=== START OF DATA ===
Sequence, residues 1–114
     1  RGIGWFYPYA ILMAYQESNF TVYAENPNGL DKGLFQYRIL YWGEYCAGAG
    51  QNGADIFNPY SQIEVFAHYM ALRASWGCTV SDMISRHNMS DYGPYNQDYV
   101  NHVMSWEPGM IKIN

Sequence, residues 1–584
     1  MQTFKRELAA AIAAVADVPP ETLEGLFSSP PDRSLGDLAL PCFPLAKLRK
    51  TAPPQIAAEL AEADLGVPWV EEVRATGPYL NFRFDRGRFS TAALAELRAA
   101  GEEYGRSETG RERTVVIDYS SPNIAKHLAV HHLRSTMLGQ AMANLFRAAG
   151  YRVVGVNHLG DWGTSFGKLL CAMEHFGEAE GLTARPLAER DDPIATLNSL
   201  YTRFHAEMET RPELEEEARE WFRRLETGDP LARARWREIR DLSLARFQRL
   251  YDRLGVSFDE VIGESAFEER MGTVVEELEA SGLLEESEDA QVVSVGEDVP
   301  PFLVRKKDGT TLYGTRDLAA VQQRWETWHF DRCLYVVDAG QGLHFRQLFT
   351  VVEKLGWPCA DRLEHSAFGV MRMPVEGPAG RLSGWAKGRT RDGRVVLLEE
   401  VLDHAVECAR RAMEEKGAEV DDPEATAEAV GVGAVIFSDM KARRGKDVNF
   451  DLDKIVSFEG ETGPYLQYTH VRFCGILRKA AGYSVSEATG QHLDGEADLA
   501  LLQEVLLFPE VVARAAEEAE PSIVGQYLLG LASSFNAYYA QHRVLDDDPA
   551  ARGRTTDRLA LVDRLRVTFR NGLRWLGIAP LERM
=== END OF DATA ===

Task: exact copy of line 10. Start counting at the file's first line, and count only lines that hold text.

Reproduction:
   201  YTRFHAEMET RPELEEEARE WFRRLETGDP LARARWREIR DLSLARFQRL